Bonnie St. John Deane is a Rhodes Scholar. She won both silver and bronze medals in the slalom and giant slalom in the 1984 Paralympics in Innsbruck, Austria.
Founder And CEO, Whole Foods Market
A few years ago someone asked me to write down what success meant to me and the principles I followed to achieve it. My answer then is still how I feel. Here's what I wrote:
I create my own reality through my thoughts and emotions.
I am never a victim of anyone else.
I follow my heart in all circumstances.
Life is an adventure. Seize the day!
When confronted with alternatives I always choose the one that creates the most excitement within me.
I do what I'm afraid to do until it doesn't scare me anymore.
I would rather be happy than right.
Love is the only reality. Everything else is merely a dream or illusion.
Forgiveness is the key to healing all relationships, and leads to happiness.
Always tell the truth.
Giving and receiving are one and the same.
I choose to be healthy.
Whole Foods Market (1996 revenues: $900 million) is the country's largest natural-foods grocer. It was founded in 1980 in Austin, Texas. It now has 74 stores in 17 states.
President And CEO, Talent Alliance
Morristown, New Jersey
Success is very personal. It's about energizing ideas and turning them into reality. And it's as unique as those who achieve it. I have five guidelines for success:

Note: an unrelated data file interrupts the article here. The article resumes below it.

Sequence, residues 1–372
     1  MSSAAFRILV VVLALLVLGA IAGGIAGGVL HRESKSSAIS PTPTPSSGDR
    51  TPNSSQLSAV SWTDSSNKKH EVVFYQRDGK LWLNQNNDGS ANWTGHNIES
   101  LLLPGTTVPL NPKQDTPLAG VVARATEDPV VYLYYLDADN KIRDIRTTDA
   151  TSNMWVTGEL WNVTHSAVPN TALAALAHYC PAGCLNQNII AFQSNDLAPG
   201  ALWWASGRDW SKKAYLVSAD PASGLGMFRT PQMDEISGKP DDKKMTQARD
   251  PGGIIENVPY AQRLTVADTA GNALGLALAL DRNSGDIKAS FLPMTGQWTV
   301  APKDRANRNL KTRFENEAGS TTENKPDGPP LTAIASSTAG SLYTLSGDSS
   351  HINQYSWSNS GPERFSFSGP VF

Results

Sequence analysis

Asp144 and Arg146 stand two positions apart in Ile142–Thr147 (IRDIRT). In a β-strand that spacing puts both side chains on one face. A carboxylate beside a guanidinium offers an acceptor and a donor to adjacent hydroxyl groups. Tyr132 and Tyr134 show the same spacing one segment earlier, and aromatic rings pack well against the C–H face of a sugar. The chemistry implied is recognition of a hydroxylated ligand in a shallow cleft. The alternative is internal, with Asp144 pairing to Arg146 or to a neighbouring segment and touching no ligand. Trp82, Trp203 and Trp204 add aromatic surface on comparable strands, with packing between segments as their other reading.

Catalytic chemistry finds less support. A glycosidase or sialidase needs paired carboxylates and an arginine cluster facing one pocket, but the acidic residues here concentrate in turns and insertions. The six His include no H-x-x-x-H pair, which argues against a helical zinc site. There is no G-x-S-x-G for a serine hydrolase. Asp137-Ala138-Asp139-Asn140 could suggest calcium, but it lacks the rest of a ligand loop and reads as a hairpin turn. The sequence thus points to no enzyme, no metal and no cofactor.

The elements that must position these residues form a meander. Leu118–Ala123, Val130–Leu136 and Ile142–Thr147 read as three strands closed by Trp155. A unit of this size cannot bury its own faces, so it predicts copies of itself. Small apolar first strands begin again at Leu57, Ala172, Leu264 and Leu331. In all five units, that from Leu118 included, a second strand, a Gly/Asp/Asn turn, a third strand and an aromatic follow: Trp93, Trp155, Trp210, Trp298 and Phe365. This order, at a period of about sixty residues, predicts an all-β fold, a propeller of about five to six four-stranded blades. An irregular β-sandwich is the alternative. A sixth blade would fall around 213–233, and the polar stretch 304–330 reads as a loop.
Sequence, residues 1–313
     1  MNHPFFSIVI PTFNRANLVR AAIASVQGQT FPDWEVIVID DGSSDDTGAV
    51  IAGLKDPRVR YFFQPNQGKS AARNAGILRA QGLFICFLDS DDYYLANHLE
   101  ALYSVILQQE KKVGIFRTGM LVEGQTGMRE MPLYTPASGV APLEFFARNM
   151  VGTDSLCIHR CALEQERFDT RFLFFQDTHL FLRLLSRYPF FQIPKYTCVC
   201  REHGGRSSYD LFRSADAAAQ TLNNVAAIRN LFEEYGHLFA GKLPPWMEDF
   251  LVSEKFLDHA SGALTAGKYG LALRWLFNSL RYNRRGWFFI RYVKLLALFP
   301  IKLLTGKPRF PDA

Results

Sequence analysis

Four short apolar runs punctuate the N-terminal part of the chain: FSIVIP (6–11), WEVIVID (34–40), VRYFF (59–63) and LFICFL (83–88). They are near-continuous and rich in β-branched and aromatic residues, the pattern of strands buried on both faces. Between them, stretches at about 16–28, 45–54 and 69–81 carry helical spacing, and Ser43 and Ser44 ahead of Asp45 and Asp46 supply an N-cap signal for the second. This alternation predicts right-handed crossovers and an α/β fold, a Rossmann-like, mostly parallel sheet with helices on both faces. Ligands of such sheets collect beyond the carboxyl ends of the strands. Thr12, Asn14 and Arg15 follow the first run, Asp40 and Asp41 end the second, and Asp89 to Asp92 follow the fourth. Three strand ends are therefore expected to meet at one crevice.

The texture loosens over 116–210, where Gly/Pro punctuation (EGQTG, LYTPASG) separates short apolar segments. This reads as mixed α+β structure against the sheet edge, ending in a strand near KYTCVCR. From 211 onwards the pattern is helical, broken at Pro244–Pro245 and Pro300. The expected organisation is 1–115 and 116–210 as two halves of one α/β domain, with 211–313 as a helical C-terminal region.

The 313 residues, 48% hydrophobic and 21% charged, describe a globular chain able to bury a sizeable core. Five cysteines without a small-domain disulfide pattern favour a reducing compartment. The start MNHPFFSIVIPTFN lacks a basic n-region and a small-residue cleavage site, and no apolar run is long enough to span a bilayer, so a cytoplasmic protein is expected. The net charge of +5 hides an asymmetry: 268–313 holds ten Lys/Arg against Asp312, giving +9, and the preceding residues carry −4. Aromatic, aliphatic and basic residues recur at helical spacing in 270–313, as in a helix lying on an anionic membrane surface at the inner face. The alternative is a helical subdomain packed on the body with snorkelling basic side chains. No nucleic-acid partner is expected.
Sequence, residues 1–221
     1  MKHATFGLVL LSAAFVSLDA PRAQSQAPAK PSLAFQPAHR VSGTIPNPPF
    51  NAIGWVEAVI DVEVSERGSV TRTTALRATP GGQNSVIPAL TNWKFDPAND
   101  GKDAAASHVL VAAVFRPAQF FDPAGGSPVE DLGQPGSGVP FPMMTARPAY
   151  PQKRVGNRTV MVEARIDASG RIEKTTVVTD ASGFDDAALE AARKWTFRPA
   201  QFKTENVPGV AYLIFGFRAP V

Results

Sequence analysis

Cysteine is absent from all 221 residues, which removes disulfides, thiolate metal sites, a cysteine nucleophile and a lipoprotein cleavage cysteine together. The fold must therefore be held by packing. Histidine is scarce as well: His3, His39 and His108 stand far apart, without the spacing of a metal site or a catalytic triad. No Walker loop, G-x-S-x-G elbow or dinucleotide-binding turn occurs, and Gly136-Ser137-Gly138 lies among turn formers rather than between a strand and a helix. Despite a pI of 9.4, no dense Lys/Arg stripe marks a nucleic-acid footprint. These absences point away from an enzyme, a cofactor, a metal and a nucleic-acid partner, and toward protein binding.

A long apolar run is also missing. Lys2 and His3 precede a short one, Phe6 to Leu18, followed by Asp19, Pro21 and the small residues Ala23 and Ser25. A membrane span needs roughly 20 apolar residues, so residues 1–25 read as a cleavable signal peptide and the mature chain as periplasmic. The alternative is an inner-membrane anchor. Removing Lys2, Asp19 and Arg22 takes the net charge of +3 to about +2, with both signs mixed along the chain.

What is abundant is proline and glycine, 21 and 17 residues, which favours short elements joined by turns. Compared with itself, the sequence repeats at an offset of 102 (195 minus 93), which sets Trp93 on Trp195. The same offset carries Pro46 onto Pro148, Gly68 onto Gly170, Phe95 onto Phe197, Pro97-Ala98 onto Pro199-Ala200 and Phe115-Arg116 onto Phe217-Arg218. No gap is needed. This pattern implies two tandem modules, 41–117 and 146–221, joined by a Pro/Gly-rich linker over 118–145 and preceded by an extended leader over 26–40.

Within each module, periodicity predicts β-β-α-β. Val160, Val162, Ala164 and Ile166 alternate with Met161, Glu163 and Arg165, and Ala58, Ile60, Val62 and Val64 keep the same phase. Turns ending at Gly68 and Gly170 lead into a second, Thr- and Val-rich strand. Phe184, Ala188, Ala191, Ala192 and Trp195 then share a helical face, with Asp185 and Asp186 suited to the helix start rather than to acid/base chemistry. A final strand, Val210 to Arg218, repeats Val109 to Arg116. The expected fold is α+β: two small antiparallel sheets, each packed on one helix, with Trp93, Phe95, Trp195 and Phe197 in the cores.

- Create your own trophies: Define success for yourself and learn to live by this definition. Balance the expectations and measures of the world with what's important to you.
- Dream MTV: Imagine without limits, plan with realism. Stretch your mind, bend your brain. Then bring your creativity into focus. 3. Mind your mission: Do for yourself what you do for your business. Develop a personal mission statement - and do what it takes to make it happen.
- Mix with those who don't match: Seek out people who are different. They'll have fresh ideas that can help drive your success and enrich your life.
- Share success: No individual or business can lead or succeed alone. Sharing success sustains success.
The Talent Alliance coordinates career management among some of the nation's largest companies, including DuPont, Johnson & Johnson, and UPS. Before founding the alliance, Galvanek spent nearly 25 years in HR leadership with AT&T.
President And CEO, Business
For Social Responsibility
San Francisco, California
The people I consider successful apply ethical values to their lives. Several years ago a group of retired executives, interviewed for an oral-history project, were asked what they wanted to be remembered for. Their responses were very similar: values-related achievements such as developing their people or serving their communities. Later I participated in a series of retreats with business leaders. Success for them — and for me — meant being viewed as having integrity and treating others with respect.
BSR's more than 800 members include FedEx, Home Depot, and Starbucks.
Executive Director, Share Our Strength
A fundamental ingredient of success is self-interest — which should be viewed idealistically rather than cynically. It is a powerful motivator and can be extremely effective in getting people and organizations to do good as much as to do well.
We've mobilized thousands of talented people to fight hunger not by making them feel guilty or bad about themselves, but by giving them opportunities to express themselves on behalf of a worthwhile cause.
When altruism is selfish, it becomes sustainable — perhaps forever.
SOS has distributed nearly $30 million to anti-hunger organizations in its 12 years of operation.
A version of this article appeared in the June/July 1997 issue of Fast Company magazine.